The European statistics office, Eurostat, said the ban – which bars meat, dairy, cheese, fruit and vegetables from all 28 EU member states, affects €12 billion ($16 billion) worth of EU exports, or 10 percent of the total.

Hit hardest will be Poland and Norway, both of which export over $1 billion in sanctioned foods to Russia, followed by the Netherlands and Spain, both which have strong trade ties with Russia.

Spain already estimates it will miss out on €337 million in food and agriculture sales due to blocked access to the Russian market. The value of sanctioned food exports to Russia is $792 million, according to Russian Federal Customs data.

In Zaragoza, Spain, fruit growers took to the streets dumping out excess produce and torched an EU flag.

“This price compensation is not enough. Let’s say 20 jobs in our company will be lost. Our salaries will also be affected- then, we will just disappear,” a Spanish fruit farmer told RT.

Exporters may have to further slash prices, which have already fallen 80 percent in the fruit industry, or even throw away perfectly fresh produce that can’t be sent to Russia.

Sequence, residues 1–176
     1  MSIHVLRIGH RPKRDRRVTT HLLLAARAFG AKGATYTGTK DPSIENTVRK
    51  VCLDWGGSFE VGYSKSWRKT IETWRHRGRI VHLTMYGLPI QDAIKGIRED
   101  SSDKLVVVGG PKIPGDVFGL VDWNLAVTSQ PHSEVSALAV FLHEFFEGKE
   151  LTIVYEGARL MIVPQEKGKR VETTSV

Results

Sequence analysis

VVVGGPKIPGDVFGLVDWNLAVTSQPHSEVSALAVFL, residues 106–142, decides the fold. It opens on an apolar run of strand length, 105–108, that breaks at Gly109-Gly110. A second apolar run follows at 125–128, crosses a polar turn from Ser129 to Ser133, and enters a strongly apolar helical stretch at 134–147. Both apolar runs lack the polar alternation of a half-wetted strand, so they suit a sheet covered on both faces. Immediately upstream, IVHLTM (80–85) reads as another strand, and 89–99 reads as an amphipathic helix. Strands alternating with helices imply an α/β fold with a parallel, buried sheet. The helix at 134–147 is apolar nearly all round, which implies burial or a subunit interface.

In Greece, farmers feel sanctions are putting their livelihood at stake- being shut out of the Russian market is bad for business. Producers estimate losses over fruit alone will exceed €178 million in the next 12 months.

READ MORE: Russian food ban takes huge bite out of Greek fruit growing industry

“Right now we have no other market to send out produce to, other than the Russian one,” Fotis Kyriazis, President of the Irmini Agricultural Cooperative, told RT.

“I don’t think anyone will compensate us for our losses. Neither Greece nor the EU has the money to compensate us,” Kyriazis said.

The worst-hit countries have already tried to bypass the restrictions by sending goods via Belarus, but were stopped by Russia’s consumer watchdog.

Poland, which before the ban exported 50 percent of its apples to Russia, is feeling the sanctions biting back and is hoping to launch a complaint with the European Commission and World Trade Organization.

“The ban has caused horror among Polish producers of fruits and vegetables. We have to tighten our belts and get production costs back at the very least,” Jacek Izyucki, Trade Branch President of the Agrostar Company in Poland, told RT.

“Obviously some unintelligent political decisions were made and brought harm for all,” Izyucki said.

1farmers

Key food suppliers to Russia

Country Exports to Russia, 2013
(in billion $)
Belarus 2.74
Brazil 2.41
Ukraine 1.99
Germany 1.83
Turkey 1.68
China 1.61
Poland 1.55
USA 1.54
Netherlands 1.42
France 1.42
Italy 1.34
Spain 1.26
Other EU countries 4.88

Source: Data from the International Trade Centre analysed by Reuters

The largest opposition party in Greece is urging its government drop sanctions against Russia, even if the move isn’t supported by other EU states.

In 2013, Denmark supplied Russia with $628 million worth of products which are now banned.